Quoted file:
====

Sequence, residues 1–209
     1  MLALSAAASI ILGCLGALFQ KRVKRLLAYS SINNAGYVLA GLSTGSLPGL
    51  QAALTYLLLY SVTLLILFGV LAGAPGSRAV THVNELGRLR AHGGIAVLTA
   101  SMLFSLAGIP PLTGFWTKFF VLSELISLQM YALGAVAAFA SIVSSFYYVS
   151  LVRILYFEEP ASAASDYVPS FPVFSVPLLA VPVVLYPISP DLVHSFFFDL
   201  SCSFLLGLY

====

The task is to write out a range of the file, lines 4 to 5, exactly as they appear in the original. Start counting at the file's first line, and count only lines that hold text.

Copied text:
   101  SMLFSLAGIP PLTGFWTKFF VLSELISLQM YALGAVAAFA SIVSSFYYVS
   151  LVRILYFEEP ASAASDYVPS FPVFSVPLLA VPVVLYPISP DLVHSFFFDL